Arthritis and Rheumatism Associates, P.C. Arthritis and Rheumatism Associates Wellness Programs
By Rachel Kaiser, MD, MPH, FACR, FACR
Arthritis and Rheumatism Associates, P.C.

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Systemic Lupus Erythematosus (SLE)

What is it and how is it diagnosed?

Lupus is a difficult disease to diagnose because patients with lupus experience many different symptoms. These symptoms can develop slowly, and each symptom itself can have many other potential causes (e.g., thyroid disease and infections). Lupus symptoms include fatigue, Raynaud’s (fingers changing color in the cold), rashes, ulcers in the mouth, hair loss, chest pain that is worse when breathing, shortness of breath, and joint pain and/or swelling. Lupus can be mild or severe: one patient may experience fatigue, rash, and joint pain while another may develop kidney failure or a stroke. Determining which symptoms and lab tests add up to a diagnosis of lupus can be difficult.

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Who gets lupus?

Women of childbearing age (15-45) most commonly are affected, but lupus can affect both men and women of any age. Lupus is more common among Asians, African Americans and Hispanics than among Caucasians. Family members of lupus patients are at a higher risk of developing the disease.

Is there a lab test for lupus?

Lupus is an autoimmune disease and, therefore, is characterized by the production of antibodies against the self (as opposed to against, for example, bacteria) that can be measured by blood tests. For example, some patients come to a rheumatologist because they have a positive anti-nuclear antibody (ANA) lab test and are worried this means they have lupus. Unfortunately, there is no lab test that can definitively make a diagnosis of lupus. While every patient with lupus must have a positive ANA test, there are many other possible causes of a positive result, including chronic infections and other autoimmune diseases. Furthermore, up to 20% of healthy young women have a positive ANA.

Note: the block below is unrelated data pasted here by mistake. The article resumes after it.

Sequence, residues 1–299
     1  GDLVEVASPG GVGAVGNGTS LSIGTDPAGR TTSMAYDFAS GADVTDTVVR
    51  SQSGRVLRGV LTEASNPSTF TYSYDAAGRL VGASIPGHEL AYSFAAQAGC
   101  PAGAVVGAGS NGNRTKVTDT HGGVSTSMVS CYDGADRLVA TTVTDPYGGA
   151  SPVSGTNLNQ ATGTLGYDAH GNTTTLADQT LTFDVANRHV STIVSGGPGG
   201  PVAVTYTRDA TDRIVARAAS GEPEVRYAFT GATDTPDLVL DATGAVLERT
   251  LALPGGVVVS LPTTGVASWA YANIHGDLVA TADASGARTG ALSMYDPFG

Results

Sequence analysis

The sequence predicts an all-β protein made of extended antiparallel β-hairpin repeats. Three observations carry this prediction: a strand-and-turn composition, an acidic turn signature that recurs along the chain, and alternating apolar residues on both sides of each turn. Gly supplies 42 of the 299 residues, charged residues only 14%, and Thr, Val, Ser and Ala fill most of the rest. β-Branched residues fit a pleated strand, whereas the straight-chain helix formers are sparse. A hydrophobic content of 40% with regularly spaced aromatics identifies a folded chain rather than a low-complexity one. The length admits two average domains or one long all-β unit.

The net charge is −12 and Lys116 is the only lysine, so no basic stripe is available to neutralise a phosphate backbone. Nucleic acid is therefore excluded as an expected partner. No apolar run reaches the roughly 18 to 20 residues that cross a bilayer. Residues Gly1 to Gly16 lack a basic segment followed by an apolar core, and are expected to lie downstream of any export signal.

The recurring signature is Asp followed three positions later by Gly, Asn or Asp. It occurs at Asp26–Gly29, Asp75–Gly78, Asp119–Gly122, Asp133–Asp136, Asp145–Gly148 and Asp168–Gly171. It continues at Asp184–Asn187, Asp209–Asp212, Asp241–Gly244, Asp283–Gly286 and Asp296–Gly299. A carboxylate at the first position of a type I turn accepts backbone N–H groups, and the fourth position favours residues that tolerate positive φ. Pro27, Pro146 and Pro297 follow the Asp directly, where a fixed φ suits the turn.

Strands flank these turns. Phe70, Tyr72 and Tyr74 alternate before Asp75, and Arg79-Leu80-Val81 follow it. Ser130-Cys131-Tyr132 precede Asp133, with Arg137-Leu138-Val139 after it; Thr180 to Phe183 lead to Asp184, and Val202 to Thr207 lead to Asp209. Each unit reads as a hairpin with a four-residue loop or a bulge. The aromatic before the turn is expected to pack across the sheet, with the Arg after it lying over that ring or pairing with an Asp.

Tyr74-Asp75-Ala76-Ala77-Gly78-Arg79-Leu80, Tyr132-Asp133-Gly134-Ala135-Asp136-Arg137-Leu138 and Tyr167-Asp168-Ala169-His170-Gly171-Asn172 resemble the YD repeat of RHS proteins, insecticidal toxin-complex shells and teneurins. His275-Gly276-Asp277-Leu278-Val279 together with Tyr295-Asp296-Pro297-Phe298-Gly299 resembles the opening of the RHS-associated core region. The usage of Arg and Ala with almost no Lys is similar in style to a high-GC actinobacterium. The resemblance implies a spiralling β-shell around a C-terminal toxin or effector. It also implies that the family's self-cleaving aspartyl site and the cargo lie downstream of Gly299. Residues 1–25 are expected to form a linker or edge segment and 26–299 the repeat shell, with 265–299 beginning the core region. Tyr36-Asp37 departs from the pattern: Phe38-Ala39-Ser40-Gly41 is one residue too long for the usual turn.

An experienced rheumatologist can determine the correct diagnosis by carefully listening to your history, examining you, and reviewing and ordering lab tests. If your history and exam are suggestive of lupus, your rheumatologist will order further, more specific tests that can help make the diagnosis – but, in and of themselves, those tests are still insufficient to establish a definitive diagnosis (because they are neither perfectly specific for lupus nor do they identify every lupus case).

How is lupus treated?

Once the diagnosis of lupus is made, most patients are treated with a daily oral medicine called hydroxy- chloroquine (Plaquenil). This medicine can help with many aspects of lupus, including hand pain and skin rashes. It also can help prevent future flares of the disease, which can consist of fatigue, rashes, joint swelling, and internal organ involvement such as kidney disease. We have many treatment options for more severe lupus, which include prednisone, mycophenolate mofetil (CellCept), cyclophosphamide (Cytoxan), and the first drug approved specifically for lupus in decades, belimumab (Benlysta).

A Team Approach

While it is important to treat your initial symptoms and flares, we, as your rheumatologists, will monitor you regularly to see whether new aspects of lupus develop over time (such as kidney involvement) and will work closely with other specialists, such as nephrologists (kidney experts), to co-manage the particular symptoms of lupus that you may experience. We also counsel you on how to prevent flares (e.g., wearing sunscreen).

Maintaining a relationship with your primary care physician is also very important to make sure your cholesterol and blood pressure are being monitored and treated, if necessary, because early cardiovascular disease can be a complication of lupus.

Finally, when planning for pregnancy, we work closely with your obstetrician (OB) before, during and after your pregnancy. Lupus must be controlled for a prolonged period and medications that can be harmful to the developing baby are stopped, if possible. Lupus can flare during pregnancy. Certain forms of birth control may not be appropriate for patients with lupus, so your OB must know about your lupus diagnosis to counsel you appropriately.

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